A judicial officer looks at his watch before a trial against the accused 96-year-old former secretary to the SS commander of the Stutthof concentration camp, at a courtroom in Itzehoe, Germany, September 30 2021. Picture: REUTERS/MARKUS SCHREIBER
A judicial officer looks at his watch before a trial against the accused 96-year-old former secretary to the SS commander of the Stutthof concentration camp, at a courtroom in Itzehoe, Germany, September 30 2021. Picture: REUTERS/MARKUS SCHREIBER

A 96-year-old German woman fled before the start on Thursday of her trial on charges of aiding and abetting mass murder in a Nazi concentration camp during World War 2.

Irmgard Furchner is accused of having contributed as an 18-year-old to the murder of 11,412 people when she was a typist at the Stutthof concentration camp from 1943 to 1945.

“The accused is on the run,” said Frederike Milhoffer, spokesperson for the Itzehoe district court. “She left her home early in the morning in a taxi in the direction of a metro station.”

Milhoffer said it was not known where she was and an arrest warrant was issued. Itzehoe is in Germany’s far north, about 100km from the Danish border.

Lawyers milled around the makeshift courtroom that had been rigged up in a nearby industry park because of the immense media interest. But Furchner’s chair, marked with her name tag, remained empty.

Charges cannot be read unless Furchner, who faces trial in an adolescent court because of her young age at the time of the alleged crimes, is present in court in person.

She is the latest of the nonagenarians to be charged with Holocaust crimes in what is seen as a rush by prosecutors to seize the final opportunity to enact justice for victims of Nazi mass killings.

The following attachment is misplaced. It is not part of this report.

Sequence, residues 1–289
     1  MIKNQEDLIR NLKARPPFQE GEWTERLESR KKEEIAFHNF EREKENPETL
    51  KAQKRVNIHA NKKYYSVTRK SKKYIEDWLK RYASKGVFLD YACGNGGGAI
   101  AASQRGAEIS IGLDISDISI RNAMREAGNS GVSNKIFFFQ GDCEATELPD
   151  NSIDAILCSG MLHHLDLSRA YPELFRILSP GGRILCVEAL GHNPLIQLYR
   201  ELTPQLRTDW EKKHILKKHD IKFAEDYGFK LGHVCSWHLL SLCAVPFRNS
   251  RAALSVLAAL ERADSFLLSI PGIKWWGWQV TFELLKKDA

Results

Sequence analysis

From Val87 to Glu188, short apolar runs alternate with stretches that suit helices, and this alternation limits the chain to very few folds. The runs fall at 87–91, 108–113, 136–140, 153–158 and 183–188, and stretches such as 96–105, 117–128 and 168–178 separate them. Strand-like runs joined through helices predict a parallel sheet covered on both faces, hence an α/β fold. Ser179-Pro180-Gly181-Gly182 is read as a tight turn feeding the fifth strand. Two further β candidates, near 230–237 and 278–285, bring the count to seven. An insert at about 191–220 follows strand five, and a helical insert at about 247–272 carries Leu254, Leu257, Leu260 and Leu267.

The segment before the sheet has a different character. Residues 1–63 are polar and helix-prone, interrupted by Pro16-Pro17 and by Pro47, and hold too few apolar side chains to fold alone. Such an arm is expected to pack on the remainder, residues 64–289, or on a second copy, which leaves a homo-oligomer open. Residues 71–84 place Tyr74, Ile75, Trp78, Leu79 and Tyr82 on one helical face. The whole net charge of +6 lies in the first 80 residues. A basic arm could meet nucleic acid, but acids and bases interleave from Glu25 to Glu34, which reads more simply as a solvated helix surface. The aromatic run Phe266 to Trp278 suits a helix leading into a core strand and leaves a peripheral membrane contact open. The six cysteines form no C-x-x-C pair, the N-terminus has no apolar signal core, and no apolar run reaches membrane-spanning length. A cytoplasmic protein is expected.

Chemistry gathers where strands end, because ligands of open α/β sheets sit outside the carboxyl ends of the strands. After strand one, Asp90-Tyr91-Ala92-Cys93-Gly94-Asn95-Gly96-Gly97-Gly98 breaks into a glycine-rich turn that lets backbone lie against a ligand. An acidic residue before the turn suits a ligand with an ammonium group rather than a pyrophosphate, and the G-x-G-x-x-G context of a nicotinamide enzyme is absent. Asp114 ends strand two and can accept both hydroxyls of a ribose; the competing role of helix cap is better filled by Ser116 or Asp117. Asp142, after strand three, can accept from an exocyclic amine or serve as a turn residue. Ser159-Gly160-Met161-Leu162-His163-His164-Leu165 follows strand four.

Although prosecutors convicted the major perpetrators — those who issued orders or pulled triggers — in the 1960s “Frankfurt Auschwitz Trials”, the practice until the 2000s was to leave lower-level suspects alone.

According to the news magazine Der Spiegel, Furchner transcribed execution orders dictated to her by camp commandant Paul-Werner Hoppe, who was convicted as an accessory to murder in 1955. The magazine reported that Furchner wrote to the judge asking to be tried in absentia, a legal impossibility in Germany.

Oskar Groening, known as the “accountant of Auschwitz” for his job recording valuables seized from deportees on their arrival at the extermination camp, was sentenced to four years in 2016 as an accessory to murder, but he died before his sentence could start.

Bruno D was convicted last year, aged 93, of abetting the murder of 5,230 people as a Stutthof guard. He was tried in a youth court despite his age because he was still a juvenile at the time of the crimes.

About 65,000 people died in the concentration camp, near Gdansk in today's Poland from 1939 to 1945 of starvation and disease or in the camp’s gas chamber, including prisoners of war and Jews caught up in the Nazi war of extermination.

Reuters

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